Combining infrastructure and the arts to develop urban and cultural tourism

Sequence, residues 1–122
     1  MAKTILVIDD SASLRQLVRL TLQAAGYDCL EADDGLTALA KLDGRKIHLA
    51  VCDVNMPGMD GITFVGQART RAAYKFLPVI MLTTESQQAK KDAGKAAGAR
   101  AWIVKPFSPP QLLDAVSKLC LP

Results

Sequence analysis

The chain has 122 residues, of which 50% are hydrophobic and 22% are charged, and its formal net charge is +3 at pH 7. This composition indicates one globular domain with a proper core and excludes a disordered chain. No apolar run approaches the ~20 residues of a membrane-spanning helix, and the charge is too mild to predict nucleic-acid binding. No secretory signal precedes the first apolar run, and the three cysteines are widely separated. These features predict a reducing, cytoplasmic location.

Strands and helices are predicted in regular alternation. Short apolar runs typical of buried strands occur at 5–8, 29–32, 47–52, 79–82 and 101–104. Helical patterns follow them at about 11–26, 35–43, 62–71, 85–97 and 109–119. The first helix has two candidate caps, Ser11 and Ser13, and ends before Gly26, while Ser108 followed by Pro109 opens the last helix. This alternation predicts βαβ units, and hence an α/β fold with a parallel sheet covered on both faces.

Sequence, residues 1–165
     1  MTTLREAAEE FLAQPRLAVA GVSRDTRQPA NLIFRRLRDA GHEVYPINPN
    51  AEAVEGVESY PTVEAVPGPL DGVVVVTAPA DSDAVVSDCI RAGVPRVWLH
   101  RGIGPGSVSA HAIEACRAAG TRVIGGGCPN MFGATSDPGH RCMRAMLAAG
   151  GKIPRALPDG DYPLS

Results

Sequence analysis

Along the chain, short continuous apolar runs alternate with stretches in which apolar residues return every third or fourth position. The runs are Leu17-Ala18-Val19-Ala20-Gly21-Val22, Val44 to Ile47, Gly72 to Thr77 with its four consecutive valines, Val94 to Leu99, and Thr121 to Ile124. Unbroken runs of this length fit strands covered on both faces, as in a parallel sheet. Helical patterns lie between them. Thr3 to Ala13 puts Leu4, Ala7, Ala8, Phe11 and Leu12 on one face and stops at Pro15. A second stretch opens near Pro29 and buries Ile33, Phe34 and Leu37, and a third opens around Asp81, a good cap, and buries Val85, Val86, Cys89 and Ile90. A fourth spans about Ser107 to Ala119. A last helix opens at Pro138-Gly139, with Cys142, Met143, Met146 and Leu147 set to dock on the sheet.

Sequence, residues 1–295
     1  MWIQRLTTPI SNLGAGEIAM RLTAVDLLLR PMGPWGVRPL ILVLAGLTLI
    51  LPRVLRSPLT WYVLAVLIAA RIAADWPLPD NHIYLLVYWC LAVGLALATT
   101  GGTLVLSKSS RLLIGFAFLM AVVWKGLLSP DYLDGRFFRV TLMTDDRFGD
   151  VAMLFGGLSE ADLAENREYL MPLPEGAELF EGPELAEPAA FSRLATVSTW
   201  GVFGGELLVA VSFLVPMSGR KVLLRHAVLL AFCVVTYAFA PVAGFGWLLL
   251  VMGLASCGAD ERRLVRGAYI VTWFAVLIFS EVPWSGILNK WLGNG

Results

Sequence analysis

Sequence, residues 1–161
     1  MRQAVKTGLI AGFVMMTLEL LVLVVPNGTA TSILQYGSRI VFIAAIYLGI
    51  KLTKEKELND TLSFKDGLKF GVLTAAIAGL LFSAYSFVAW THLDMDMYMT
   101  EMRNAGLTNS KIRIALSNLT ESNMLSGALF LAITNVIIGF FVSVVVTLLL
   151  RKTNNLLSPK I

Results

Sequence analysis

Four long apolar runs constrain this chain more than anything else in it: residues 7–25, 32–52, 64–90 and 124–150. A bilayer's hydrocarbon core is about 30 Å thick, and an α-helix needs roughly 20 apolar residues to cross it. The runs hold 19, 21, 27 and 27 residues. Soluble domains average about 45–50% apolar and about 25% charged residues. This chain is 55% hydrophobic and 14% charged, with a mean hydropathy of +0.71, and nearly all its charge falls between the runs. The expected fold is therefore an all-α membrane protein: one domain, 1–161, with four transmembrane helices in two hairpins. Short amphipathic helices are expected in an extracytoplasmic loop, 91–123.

The outgoing administration of the Culture Ministry (YPPO) was fairly ambivalent, approving the modest 108-million-euro infrastructure scheme that Patras proposed but then apparently forgetting about it, so that nothing has been done. Briefed by the organizers yesterday, newly appointed Deputy Culture Minister Petros Tatoulis asked them to produce a new, realistic plan that meets the needs of the people of Patras. «The issue is not to organize a year of brilliant cultural events,» said Mikroutsikos, speaking to Kathimerini last week, «but to make the most of the opportunity the institution offers us to further the economic development of the area.» «And we’ll try to do that by developing tourism,» explains Pefanis, «because this is a strong area with lots of assets for urban and cultural tourism.» Cultural triangle «Patras is at the center of a triangle of unique archaeological interest, the highlights of which are Delphi, Olympia and Epidaurus,» says Mikroutsikos. «It has a port which links Greece to Europe and through which 1.4 million tourists go every year. This year will also have the added benefit of the Rio-Antirio bridge, which is said to be the most important of its kind in Europe. If all these factors are properly exploited and effectively connected with Patras 2006, together with the infrastructure works and the publicity the area will get, then there will be great development in tourism. Take the example of the Edinburgh Festival. In 21 days the city triples its population of 400,000 and brings in 2.3 billion euros, which is the motive force for its economy for the whole year. That’s what we are aiming at and that’s why we say the fate of the whole area is hanging in the balance.» A development company has been set up for Patras as the European Cultural Capital. Mayor Andreas Karavolas is the managing director and board members include Pefanis, members of the prefecture, the dean of the university, the former mayor, and representatives of YPPO and the National Tourism Organization (EOT). The board and Mikroutsikos are responsible for the cultural events program and its promotion. The infrastructure projects will be implemented by existing agencies, chiefly the municipality. Patras proposed a «sensible infrastructure program,» says Pefanis, «which was accepted by YPPO, which announced that 108 million euros was available. We asked for 30 million euros for the events, but we haven’t had a ministerial decision on that. All told, we are asking for about 132 million euros. May I remind you that when Thessaloniki was Cultural Capital of Europe in 1997 it received the equivalent of 455 million euros, over three times as much, if not more at today’s values. The difference is that we here, being a bit more prudent, presented a sensible program of projects without overdoing the building or being parochial.» The projects that are still outstanding are fairly well known: – Work on the former Ladopoulos factory complex (the planned site of the concert hall, exhibitions venues, workshops for making carnival costumes, sales points and cafes); – Construction of an open 3,000-seat theater, which the city lacks, in Samatia; – Other works (such as a youth recreation center) at the EOT campsite in Agyia; – Refurbishment of various old buildings in the city – the public baths, the Argyri Agora, the Karaghiozi museum and theater (a great tradition in Patras), the old Municipal Hospital, and the Bari and Kolla warehouses. «There are specific proposals for each site. The company that is to provide technical advice is being set up now and it will deal with just that, seeing how practicable each of our suggestions are. Then the final decisions will be made,» says Pefanis, «but I fear we won’t manage to have all the projects ready by 2006.» First of all, this is because there is no money, as Pefanis explains. «The comparison with Thessaloniki in 1997 is overwhelming. As of 1995, billions of drachmas were available, yet despite that they didn’t manage to become one of the institution’s successes. Given all that, perhaps we should be pessimistic, but since we have the expertise plus our unjustified Mediterranean optimism, I think we’ll do well. The presence of Thanos Mikroutsikos as artistic director and his general acceptance by the city is a serious advantage.» So how did the problematic situation arise? «YPPO didn’t activate the procedures for disbursing funds,» says Pefanis. «The priority given to the Olympic Games has certainly hurt us. We were treated as a secondary consideration. Now we must find out the new government’s attitude as a matter of urgency. The sum and the infrastructure works may have been approved, but that can be canceled on any pretext. I don’t think there’ll be a problem, because it is understood by politicians here and in Athens that Patras and Greece are hosting a European institution on which significant benefits for the area depend.» «The issue at the moment,» says Mikroutsikos, «is for the government to confirm the previous administration’s commitment and to begin disbursement, because there is no room left to maneuver. If the delays lead to failure, if we lose the opportunity for economic development that is being offered, then those responsible deserve to be strung up in the main square.»

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